btw you guys are all so awesome for helping me with such amazing information. i am sure this will click but not making sense yet. btw based on ya'alls recommendations i am borrowing my brother in laws f150 to bring the trailer home.

thanks tons,
matt
F150 or not, IMO you still need a brake controller.

I have never owned a Ford so take this with a grain of salt: in my experience vehicles with a trailer hitch and 7-pin connector will be pre-wired for a brake controller. That means there should be a bundle of wires under the dash that will plug directly into a brake controller. Your owners manual for the Flex or the F150 may describe where to find those wires. Alternately, Google will show more than a million answers if you do a search. YouTube is also your friend. It will just be a matter of looking under the dash somewhere around the location of the steering column to find the wires. From there it is a simple matter of attaching the connector to the back of the brake controller and mounting the controller somewhere under the dash where you can reach it and see it. I screwed the mounting bracket onto the bottom of my dash but heavy duty Velcro would work, too.

I like to keep things simple. I have used basic Techonsha brake controllers in two different trucks. They are simple to set up and use by following the instructions that come with them. Where I live, they are readily available at various auto part stores and are relatively inexpensive. If you want to pay a lot more you can go to a Ford dealer or an RV store.

I found it handy to watch a few YouTube videos about using brake controllers and towing an RV before we owned our Escape so I had an idea of what I was getting into. Driving away from ETI with our first travel trailer was a bit harrowing but I went slow and was careful. Personally, I got used to it pretty quickly.
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Old 05-08-2024, 06:56 AM   #19
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Quote:
Originally Posted by BigPapa View Post
ok so i dont understand if i have the tow package on the flex from the factory, i have a 7 pin and 4 pin plug by the hitch, i still need a seperate brake controller?

btw you guys are all so awesome for helping me with such amazing information. i am sure this will click but not making sense yet. btw based on ya'alls recommendations i am borrowing my brother in laws f150 to bring the trailer home.

thanks tons,
matt
F150 or not, IMO you still need a brake controller, if only for liability purposes, but also for safety.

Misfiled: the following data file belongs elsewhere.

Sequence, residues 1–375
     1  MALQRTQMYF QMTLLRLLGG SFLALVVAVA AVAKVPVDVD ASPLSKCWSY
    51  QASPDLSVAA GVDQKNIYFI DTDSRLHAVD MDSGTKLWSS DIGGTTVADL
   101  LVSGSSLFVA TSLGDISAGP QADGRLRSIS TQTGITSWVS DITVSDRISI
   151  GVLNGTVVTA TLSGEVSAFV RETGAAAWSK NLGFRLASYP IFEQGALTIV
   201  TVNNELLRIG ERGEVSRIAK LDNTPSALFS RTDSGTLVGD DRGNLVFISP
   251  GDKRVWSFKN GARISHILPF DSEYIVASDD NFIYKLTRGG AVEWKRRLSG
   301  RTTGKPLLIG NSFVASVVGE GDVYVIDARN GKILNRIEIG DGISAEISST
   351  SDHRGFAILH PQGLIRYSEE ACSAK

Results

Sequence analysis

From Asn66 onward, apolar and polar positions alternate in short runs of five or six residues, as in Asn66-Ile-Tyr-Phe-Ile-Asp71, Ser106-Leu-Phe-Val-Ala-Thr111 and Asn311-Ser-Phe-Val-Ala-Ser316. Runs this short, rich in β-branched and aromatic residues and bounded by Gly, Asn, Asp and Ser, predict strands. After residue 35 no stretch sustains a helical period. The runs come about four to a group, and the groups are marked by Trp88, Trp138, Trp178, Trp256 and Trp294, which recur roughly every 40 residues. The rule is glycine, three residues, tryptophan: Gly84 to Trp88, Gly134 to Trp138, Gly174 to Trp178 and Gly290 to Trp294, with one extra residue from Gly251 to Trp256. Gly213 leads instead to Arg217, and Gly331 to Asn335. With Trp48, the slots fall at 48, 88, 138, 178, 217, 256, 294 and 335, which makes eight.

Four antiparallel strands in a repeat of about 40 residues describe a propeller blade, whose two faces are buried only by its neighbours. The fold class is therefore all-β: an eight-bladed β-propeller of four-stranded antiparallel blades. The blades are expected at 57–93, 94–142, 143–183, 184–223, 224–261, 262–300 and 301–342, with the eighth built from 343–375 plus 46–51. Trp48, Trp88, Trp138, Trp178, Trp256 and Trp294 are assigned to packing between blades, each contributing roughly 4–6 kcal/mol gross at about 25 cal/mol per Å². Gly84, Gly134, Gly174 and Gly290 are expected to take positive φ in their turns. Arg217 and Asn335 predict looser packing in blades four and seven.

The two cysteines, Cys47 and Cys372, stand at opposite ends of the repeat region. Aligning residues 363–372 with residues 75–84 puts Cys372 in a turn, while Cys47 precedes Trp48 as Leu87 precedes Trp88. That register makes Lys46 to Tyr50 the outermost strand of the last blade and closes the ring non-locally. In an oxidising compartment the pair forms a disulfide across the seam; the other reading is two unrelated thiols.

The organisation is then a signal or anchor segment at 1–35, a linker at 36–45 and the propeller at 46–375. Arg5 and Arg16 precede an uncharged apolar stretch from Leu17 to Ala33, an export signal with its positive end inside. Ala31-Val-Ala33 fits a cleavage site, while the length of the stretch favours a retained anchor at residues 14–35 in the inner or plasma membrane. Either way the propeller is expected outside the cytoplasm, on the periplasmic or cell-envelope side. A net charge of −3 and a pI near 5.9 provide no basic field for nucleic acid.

I have never owned a Ford so take this with a grain of salt: in my experience vehicles with a trailer hitch and 7-pin connector will be pre-wired for a brake controller. That means there should be a bundle of wires under the dash that will plug directly into a brake controller. Your owners manual for the Flex or the F150 may describe where to find those wires. Alternately, Google will show more than a million answers if you do a search. YouTube is also your friend. It will just be a matter of looking under the dash somewhere around the location of the steering column to find the wires. From there it is a simple matter of attaching the connector to the back of the brake controller and mounting the controller somewhere under the dash where you can reach it and see it. I screwed the mounting bracket onto the bottom of my dash but heavy duty Velcro would work, too.

I like to keep things simple. I have used basic Techonsha brake controllers in two different trucks. They are simple to set up and use by following the instructions that come with them. Where I live, they are readily available at various auto part stores and are relatively inexpensive. If you want to pay a lot more you can go to a Ford dealer or an RV store.

There are several Techonsha dealers in the San Diego area. Enter your own zip code if these are not close enough to you. Some of them may even put it in for you if you are unsure.

I found it handy to watch a few YouTube videos about using brake controllers and towing an RV before we owned our Escape so I had an idea of what I was getting into. Driving away from ETI with our first travel trailer was a bit harrowing but I went slow and was careful. Personally, I got used to it pretty quickly.
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Old 05-08-2024, 07:23 AM   #20
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Arrow 2014 Flex may be pre-wired for a brake controller

Quote:
Originally Posted by BigPapa View Post
Good morning,
Just bought a used e19 and towing with a 2014 ford flex w tow package.
....
1. Can i safely tow it home without wdh or brake controller? I do have 7 pin connector.
....
Matt -

Referring to this article, and as mentioned by Lyle in the previous post, given that you have a 7-pin connector, it seems likely your 2014 Flex may be pre-wired with an OE connector under/behind the dashboard for addition of a 'plug-and-play' aftermarket brake controller (e.g. the popular Tekonsha Prodigy or similar) with a simple adaptor pigtail. That 'adaptor pigtail' would connect to the controller and then plug-in to the connector already existing under/behind your dash.

If that's the case then adding that sort of controller would be very easy, not requiring any additional wiring in your vehicle. You might check with your Ford dealer or a competent hitch installation shop to see if that's the case.

Good Luck!